Understanding Chromosomal Abnormalities in CLL Patients | Transcript | Chronic Lymphocytic Leukemia | Patient Power


Understanding Chromosomal Abnormalities in CLL Patients

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Andrew Schorr:

In CLL, we have people with these chromosomal abnormalities, right?  And that's—am I right, that's where we get into the 17p and the 11q?

So, Susan, just briefly these—take those numbers and letters.  11q, you know, 13—forget which one, 13.  

Dr. Wierda:

13q.

Andrew Schorr:

13q and then 17p.  Now, we're having medicines that line up with some of these somebody types.  But how is that tested?  How do you know, and what does the number and the letter mean? 

Dr. Leclair:

And you notice then he complains that I talk too long.  

When you have a chromosome—when we take your cells, we take your chromosomes, and you can count them.  You have 23 pairs of chromosomes, and literally chromosomes to a greater or lesser extent you can describe as an X.  So just mentally put an X in your head right now.  Not all of them are perfectly balanced, the sizes of the X.

The top sometimes is smaller than the bottom, but what we've done is we've identified the top half of the chromosome, the part that's the upper part of the X, is identified with the letter p.  I find it easy to remember p for petite, because it's typically the smaller half. 

The bottom is called q, because I think scientists don't like people to make it easy.  So if I cut off a piece of chromosome 13, and it's the top half that I cut off, well, then I've deleted something from 13p.  If I cut off something from chromosome 22, and I cut off part of the bottom, then I've cut off part of 22q.  So those—that alphanumeric…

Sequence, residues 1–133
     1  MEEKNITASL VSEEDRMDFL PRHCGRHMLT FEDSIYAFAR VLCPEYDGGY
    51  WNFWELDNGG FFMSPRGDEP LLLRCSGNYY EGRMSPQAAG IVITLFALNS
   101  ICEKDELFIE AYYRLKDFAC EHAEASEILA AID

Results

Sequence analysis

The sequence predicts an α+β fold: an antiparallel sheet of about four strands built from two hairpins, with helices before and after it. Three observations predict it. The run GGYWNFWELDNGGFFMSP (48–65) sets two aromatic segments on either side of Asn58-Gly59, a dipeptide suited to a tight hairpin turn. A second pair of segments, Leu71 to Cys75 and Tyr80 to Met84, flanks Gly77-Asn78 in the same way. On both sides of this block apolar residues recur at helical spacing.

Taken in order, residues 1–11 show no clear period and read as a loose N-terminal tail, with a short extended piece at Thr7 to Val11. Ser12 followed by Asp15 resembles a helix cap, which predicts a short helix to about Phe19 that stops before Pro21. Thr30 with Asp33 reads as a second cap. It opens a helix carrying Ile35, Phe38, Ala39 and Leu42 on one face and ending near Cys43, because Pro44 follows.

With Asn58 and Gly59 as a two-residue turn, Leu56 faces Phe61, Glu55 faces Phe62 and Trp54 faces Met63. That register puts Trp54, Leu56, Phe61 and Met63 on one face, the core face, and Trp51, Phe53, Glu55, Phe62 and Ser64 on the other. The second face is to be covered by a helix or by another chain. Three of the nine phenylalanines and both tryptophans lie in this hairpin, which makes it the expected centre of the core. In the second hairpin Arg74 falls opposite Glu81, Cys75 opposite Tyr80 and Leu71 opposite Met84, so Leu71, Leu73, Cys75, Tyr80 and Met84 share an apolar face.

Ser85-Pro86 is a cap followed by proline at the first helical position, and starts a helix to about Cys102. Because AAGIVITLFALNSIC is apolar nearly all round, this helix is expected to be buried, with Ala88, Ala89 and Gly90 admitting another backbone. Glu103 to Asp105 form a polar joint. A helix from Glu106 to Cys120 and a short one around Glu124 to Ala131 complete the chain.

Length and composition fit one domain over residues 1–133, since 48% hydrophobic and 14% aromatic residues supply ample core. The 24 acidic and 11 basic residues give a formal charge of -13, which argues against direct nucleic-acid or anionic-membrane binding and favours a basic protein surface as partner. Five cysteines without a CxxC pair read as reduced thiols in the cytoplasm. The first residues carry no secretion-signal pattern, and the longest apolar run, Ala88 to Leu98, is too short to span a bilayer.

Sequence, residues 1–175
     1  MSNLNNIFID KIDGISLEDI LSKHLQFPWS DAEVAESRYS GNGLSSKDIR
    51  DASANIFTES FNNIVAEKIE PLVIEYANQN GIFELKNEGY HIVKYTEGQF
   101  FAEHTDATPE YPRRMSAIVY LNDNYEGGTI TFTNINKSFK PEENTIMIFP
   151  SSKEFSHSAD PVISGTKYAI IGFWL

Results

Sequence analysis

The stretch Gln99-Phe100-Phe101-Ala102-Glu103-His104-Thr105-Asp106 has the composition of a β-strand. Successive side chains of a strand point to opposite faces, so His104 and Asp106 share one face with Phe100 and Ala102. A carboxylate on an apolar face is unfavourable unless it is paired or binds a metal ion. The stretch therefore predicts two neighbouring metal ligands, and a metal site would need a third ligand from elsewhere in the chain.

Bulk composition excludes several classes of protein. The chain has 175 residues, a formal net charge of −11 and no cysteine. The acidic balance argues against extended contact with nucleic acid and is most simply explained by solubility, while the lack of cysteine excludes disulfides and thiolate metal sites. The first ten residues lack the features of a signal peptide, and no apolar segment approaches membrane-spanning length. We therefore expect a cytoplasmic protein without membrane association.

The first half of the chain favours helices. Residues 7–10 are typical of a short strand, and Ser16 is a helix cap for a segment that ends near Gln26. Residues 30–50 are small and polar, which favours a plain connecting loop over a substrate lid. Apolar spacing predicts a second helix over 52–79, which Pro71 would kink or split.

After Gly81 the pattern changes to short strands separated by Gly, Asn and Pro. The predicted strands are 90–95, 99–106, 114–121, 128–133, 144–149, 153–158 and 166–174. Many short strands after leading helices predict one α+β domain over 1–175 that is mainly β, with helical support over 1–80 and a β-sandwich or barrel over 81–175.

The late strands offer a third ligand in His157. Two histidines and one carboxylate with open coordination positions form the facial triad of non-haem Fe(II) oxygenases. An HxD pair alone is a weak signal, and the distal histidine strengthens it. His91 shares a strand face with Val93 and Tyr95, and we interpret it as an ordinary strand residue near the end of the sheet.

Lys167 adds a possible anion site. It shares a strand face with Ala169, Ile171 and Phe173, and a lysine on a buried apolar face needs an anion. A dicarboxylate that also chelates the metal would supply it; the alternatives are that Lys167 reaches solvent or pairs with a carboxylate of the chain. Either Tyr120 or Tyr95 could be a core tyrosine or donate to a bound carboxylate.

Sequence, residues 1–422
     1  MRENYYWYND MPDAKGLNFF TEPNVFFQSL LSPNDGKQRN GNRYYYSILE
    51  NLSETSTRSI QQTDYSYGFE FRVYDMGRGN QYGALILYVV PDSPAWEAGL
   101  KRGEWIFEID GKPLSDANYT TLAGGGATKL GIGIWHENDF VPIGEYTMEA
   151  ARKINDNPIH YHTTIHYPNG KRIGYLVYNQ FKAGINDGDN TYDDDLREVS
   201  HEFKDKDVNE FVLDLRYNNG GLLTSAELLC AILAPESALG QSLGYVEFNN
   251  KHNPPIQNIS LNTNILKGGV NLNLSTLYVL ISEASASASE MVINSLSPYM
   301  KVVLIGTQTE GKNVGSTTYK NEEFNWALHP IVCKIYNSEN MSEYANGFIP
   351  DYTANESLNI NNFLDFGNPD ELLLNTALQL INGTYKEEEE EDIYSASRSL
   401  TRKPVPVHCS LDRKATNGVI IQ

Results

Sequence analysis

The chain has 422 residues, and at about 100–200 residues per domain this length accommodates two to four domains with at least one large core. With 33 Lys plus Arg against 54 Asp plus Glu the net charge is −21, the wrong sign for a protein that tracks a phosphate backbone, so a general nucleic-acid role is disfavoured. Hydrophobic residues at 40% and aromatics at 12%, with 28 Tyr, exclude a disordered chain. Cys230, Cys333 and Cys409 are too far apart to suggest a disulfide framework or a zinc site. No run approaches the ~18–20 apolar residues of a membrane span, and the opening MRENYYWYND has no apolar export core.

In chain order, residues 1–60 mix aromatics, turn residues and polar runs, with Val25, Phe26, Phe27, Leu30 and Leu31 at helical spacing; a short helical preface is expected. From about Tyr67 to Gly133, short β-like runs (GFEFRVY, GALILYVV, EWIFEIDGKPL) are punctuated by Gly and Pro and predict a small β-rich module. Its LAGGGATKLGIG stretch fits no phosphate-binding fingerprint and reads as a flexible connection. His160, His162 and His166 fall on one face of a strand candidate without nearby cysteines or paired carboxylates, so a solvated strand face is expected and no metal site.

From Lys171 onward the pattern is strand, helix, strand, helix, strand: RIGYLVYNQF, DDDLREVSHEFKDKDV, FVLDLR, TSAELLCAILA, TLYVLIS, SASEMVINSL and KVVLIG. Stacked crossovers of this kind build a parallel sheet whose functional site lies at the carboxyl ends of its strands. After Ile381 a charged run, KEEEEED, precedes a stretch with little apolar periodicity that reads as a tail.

Andrew Schorr:

Location.

Dr. Leclair:

…responds—is a location on your—on a chromosome. 

Andrew Schorr:

Okay. We got it. 

Dr. Leclair:

What has to happen after that is you have to find out what inside there is broken. 

Andrew Schorr:

What's inside.  Well, Bill, okay.  So you now, in some of your conditions, you and your hematology colleagues have medicines that are starting to target certain chromosomal abnormalities, right? 

Dr. Wierda:

Correct.

Andrew Schorr:

Okay. And so this result that Susan is talking about helps you determine which medicine might line up with which patient. 

Dr. Wierda:

Correct. For CLL, that's a little bit less of the case yet.  For example, we don't have any specific drugs that work particularly in 17p or particularly in 11q.  We have venetoclax (Venclexta), which is now approved for relapsed patients with 17p, but that drug works across all, all karyotypes.

So it's not that it only works in 17p-deleted patients.  It's that it was tested initially in 17p, and we expect a broader approval for that drug.  

So there isn't really any specific chromosome abnormality right now that is targeted with a particular treatment.  We do know that patients who have an 11q are very, very sensitive to chemotherapy, and they do very well in terms of responses, having a high response rate when they're treated with chemotherapy. 

Please remember the opinions expressed on Patient Power are not necessarily the views of our sponsors, contributors, partners or Patient Power. Our discussions are not a substitute for seeking medical advice or care from your own doctor. That’s how you’ll get care that’s most appropriate for you. 

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Page last updated on June 27, 2017